There are those legislators who take their staffers under their wing to train and mentor hungry young professionals to be fine-tuned political operatives; there are those who mistreat their staffers so badly that they break the “vow of silence” against their boss (see Amy Klobuchar or Todd Rokita); and then there are those who view their staffers as both professional and personal aides. Despite what singer Meatloaf sang, being 2-out-of-3 on this list is not a good thing.
Whenever I see or read a story about an elected official doing the high wire act of explaining the “function” of their staffers, a message will appear from one of my former staffers with the subject line “Rostenkowski.”
Who is Rostenkowski?
Dan Rostenkowski was a congressman who rose through the ranks of the Chicago political machine to national prominence as Chairman of the House Ways and Means Committee. It was during his time as Chairman of this Committee that President Reagan wanted to overhaul the tax code. It was during this critical legislative period that “Rosty” went from a back-room dealmaker to “Chairman” Rostenkowski.
He delivered the nationally televised response to President Reagan’s Oval Office address about his tax plan for Democrats. He cajoled members of Congress when appropriate, punished when necessary, horse-traded when needed, cashed in old favors – he worked the levers of Congress as only he could to pass the tax cut plan.
Then it all came crashing down in 1994 with his indictment in the House Post Office scandal. The indictment said he used congressional funds to buy gifts for friends, diverted taxpayer funds to pay for vehicles used for personal transportation, tampered with a Grand Jury witness, traded-in official postage stamps for cash, and had 14 “ghost” employees on his payroll.
The “ghost employees” on his public payroll were not in his office working for the people, rather working for him personally. Among the things these “government employees” did were mow the lawn of his vacation home, pick up his laundry, take pictures at his daughter’s wedding, supervised renovations at his home, and in the case of his former son-in-law, returned most of his public salary back to Rostenkowski in cash.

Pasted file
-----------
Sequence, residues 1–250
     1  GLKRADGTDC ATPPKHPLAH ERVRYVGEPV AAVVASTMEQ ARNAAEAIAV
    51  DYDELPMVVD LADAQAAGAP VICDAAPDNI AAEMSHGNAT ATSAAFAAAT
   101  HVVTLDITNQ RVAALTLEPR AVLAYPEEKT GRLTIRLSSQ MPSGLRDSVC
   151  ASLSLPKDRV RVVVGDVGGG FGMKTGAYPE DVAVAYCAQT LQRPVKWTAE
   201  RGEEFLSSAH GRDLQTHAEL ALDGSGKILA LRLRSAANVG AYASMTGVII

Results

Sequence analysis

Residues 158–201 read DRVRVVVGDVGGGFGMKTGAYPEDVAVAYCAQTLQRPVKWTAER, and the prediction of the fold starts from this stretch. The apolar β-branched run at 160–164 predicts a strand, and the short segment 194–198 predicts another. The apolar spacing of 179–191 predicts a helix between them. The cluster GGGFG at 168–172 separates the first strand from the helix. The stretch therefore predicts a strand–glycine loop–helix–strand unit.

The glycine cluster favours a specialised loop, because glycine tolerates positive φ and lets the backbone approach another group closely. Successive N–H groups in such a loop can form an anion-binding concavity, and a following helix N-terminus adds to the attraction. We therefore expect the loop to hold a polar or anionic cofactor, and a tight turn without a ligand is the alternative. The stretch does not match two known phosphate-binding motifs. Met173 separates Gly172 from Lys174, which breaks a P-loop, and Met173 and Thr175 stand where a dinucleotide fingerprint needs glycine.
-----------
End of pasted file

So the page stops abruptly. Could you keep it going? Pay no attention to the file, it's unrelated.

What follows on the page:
We all have current and former aides that by virtue of time spent together are exposed to our personal and professional lives. The information they know, in the case of some, could be more harmful than a bad vote on a tax increase. I’ve written on this topic before (A Legislator’s Guide to Treating Staff), but this is a little different.
Dropping your child off to school in the morning on your way to Trenton, with your aide in the car, is one thing; telling your staffer to pick your kid up from school at 2:45 pm because you’re busy is another. Having your staffer wait in the car as you pick up dry cleaning after returning from an event is one thing; having them drop off your dry cleaning every Tuesday is another. Asking your staffer to grab Starbucks from over the bridge in Morrisville because the caucus room coffee isn’t that good and it’s late in Trenton (Remember the words of the late-great Assemblyman John V. Kelly: staff NEVER pays) is one thing; having them bring you a soy chai latte every morning to your house is another. Hiring a part-timer in your office is one thing; hiring a part-timer for $10,000 and having them max out to your campaign (primary and general) is another.
In the end, Rostenkowski once lamented to a friend, “I’m going to jail for sending a guy a rocking chair.” He went on to add that his obituary will read: “Dan Rostenkowski, felon.”
To all my former friends (and even the ones who weren’t) in the Legislature, don’t pull a “Rostenkowski.” You got to this point without a 24/7 personal valet, you don’t need one now. You’re better than that.
Much like the “Mendoza Line” in baseball, we all know the “Rostenkowski Line” in politics when we see it.
This column originally appeared on InsiderNJ.